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boundaries of private and public life, their role in the family and at work respectively. Women have different experiences regarding their consciousness, their interests, but mainly, their lives. For it is not the same to be born on either side of this planet. A major focus of women's history has been on women's rights struggles, especially the winning of suffrage, on organizational and institutional history of the women's movement, and on its leaders. Did women only react to male pressures or to the restraints of patriarchal society? Of course not. The history of women, though largely ignored, is becoming nowadays the focus of attention of multiple studies on gender and women. However, when we talk about feminism today, we are also largely ignoring the amount of women today who, not belonging to continental or Western society, seem to be forgotten from history or at least seem to be anchored in the past. The following are only a few examples of global women's oppression: In the U.S, women with similar qualifications are still paid less than their male counterparts for the same job. Women are restricted in making choices about their health, like choosing to have an abortion. A woman is bat183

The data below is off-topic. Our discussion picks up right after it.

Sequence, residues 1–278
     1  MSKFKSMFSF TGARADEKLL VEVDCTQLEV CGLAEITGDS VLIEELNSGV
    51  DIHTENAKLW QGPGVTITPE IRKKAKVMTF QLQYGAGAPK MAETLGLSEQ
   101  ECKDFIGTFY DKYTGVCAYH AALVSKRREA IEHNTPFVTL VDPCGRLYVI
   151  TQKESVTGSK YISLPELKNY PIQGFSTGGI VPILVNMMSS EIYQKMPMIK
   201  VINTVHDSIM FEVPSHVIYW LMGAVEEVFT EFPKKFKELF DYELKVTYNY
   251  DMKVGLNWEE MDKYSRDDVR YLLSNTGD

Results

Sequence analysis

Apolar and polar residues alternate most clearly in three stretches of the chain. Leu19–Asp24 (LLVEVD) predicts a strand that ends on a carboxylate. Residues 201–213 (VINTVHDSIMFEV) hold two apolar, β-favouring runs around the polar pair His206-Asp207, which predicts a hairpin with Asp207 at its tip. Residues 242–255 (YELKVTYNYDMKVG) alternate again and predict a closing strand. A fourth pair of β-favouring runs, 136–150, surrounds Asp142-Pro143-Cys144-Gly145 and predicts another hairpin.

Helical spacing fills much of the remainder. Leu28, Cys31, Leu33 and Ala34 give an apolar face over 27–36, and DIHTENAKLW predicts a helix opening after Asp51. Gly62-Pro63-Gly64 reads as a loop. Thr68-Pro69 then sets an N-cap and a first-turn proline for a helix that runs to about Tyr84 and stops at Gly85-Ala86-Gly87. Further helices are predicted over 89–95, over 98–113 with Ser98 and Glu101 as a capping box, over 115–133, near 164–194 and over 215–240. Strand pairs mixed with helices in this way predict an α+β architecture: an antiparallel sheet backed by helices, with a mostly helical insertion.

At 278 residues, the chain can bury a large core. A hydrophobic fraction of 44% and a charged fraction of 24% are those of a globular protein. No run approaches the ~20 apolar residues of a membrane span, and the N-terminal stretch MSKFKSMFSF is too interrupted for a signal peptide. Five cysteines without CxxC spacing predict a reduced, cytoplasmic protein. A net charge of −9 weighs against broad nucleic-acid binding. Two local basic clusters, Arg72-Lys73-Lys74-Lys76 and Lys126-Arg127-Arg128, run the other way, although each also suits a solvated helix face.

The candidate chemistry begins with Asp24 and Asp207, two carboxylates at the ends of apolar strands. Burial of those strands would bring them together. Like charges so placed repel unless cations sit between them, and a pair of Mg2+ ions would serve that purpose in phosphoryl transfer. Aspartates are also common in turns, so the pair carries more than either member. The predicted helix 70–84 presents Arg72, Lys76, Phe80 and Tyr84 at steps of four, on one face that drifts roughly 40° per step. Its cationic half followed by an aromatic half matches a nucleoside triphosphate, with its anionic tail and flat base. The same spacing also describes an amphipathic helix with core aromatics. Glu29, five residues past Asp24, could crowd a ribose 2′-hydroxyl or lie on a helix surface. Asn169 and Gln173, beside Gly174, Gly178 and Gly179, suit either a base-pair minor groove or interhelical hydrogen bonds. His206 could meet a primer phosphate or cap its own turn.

tered every 15 seconds in the U.S. Many women of colour, like their Anglo counterparts, eschew the term feminism while agreeing with its goals (the right to an abortion, equality in job hiring, girls soccer teams). But women of colour also dismiss the label because the feminist movement has largely focused on the concerns of middle-class white women. This has been a loss for people of colour. While during the first wave of feminism, black women were ignored by the suffragettes, during the second wave of feminism, black women were faced with the choice of going forward in a womens movement that, once again, didnt really include them, or supporting the rights of African Americans as a race. Likewise, it is a loss for the movement if it expects to grow: U.S. Census projects that the Latino and Asian-American population is expected to triple by 2050. Women, mainly in the USA and Western Europe, have achieved a great importance, though their salaries are still below the rate of men's. These women have reached high positions, and we can name some female doctors, writers and lawyers with a high reputation. However, their way to attain these inalienable rights was hard and suffering, but the reward is worth it. On the other hand,